Be well

    • Would you believe I went into this with the goal of finding data to prove Marco Arment wrong?

      Seriously, I am an Android enthusiast and I wanted to show that Arment was completely wrong. Unfortunately that is not the data I found.

      You should go back and read the post. I argued this based on data from Flurry, not anything written by that Apple snob. There are any number of reasons to dispute my conclusions but guilt by association is not one of them.

  10. As I provided Nate the physics today data, I want to make clear that I find our stats perplexing based on the number of android tablet users. Hence I’m just as interested over why there are so few hitting our site as I have to decide what products to invest in, based on this and surveys we conduct of our readers. I think Nate is right, its more apps and the poor quality of the cheap tablets turning people off.

  11. Plus the web browser does suck on it

  12. I have a Nook HD+ (I also have the original Nook Tablet — before the HD designations) and I use it everyday for at least 3 hours and often for longer. What I don’t do is browse the Internet or use Apps. I primarily use the HD+ to read ebooks and occasionally to lookup more information about what I am reading. Also, occasionally, maybe once every 2 months, I watch something on Netflix.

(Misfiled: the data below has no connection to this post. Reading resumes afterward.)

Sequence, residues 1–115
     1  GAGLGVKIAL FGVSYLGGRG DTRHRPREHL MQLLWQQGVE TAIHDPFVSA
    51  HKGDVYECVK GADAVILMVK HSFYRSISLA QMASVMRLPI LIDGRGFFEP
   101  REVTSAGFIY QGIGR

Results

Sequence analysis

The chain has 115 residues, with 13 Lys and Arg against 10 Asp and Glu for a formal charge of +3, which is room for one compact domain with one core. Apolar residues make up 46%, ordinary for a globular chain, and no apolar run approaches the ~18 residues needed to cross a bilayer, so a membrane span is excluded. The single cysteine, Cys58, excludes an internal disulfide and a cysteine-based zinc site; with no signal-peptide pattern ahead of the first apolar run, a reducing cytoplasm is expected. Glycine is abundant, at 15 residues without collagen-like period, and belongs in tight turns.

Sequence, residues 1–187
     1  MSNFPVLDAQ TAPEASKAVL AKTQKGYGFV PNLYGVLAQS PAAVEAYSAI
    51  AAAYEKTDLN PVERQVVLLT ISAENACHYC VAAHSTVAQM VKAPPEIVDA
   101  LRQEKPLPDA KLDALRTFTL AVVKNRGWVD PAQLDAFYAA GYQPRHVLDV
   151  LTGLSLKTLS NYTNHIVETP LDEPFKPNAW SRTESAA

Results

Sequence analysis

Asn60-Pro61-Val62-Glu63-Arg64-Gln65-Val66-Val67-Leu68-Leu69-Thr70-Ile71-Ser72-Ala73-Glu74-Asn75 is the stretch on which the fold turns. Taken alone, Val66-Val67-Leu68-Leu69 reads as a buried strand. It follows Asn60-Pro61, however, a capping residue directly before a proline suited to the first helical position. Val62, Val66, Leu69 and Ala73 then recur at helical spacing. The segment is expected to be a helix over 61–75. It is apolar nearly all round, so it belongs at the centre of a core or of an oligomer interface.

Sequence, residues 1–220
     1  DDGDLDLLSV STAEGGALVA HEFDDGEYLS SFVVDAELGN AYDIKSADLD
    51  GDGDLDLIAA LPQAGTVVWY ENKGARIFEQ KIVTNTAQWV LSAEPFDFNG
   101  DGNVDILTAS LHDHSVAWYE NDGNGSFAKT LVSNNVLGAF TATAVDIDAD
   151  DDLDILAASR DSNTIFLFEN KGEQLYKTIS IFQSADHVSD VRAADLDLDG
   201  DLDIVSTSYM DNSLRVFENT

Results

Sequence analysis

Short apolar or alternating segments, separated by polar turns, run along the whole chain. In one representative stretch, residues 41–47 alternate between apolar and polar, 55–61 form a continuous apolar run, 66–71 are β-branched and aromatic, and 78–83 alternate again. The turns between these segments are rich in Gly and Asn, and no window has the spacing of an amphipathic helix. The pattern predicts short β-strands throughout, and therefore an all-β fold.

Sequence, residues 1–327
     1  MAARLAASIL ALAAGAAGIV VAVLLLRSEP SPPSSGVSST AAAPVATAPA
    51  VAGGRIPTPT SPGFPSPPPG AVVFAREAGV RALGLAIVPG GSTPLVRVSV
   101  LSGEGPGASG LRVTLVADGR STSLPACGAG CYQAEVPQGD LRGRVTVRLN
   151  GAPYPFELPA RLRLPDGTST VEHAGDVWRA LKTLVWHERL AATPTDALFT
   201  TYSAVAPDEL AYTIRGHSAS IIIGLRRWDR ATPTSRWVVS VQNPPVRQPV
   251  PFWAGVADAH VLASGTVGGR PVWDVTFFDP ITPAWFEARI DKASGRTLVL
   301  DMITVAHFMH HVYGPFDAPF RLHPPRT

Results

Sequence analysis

If I want to browse the Internet or check my e-mail, I use my desktop computer. There is nothing particularly unusable or unfriendly about the access to mail and the internet on the Nook HD+, it is just that I prefer my desktop for those purposes. Besides, I am not a lover of Chrome and never use Gmail (or Google+ or any of the other Google products). I am accustomed to and prefer Outlook and IE, which are on my desktop.

    When I will be traveling, however, such as my trip in September, I will use the HD+ to access e-mail and the internet, but until then, why bother when I have something I prefer right at hand. I suspect there are a lot of people like me.

  13. “I don’t know about you but I am beginning to suspect that there is truth to the idea that Android devices offer a poorer user experience than iThings.”

    Probably because most developers seem to treat Android users as second-class citizens, especially if those devs are coming over from iOS (where they can be lazy and almost do one-size-fits-all coding, unlike on Android where the hardware configurations are almost as varied as the lap- and desktop world).

    So they put out half-assed efforts, don’t see the sales figures they think they’re owed, scream “it’s all because of pirates!” (though copyright infringement rates on software are little different than on desktops), and go back to iOS (where the rates are actually still quite significant, but far less reported thanks to the Apple Reality Distortion Field).

    • “(though copyright infringement rates on software are little different than on desktops)”

      Er, meant “(though copyright infringement rates on Android are little different than on Windows desktops)”.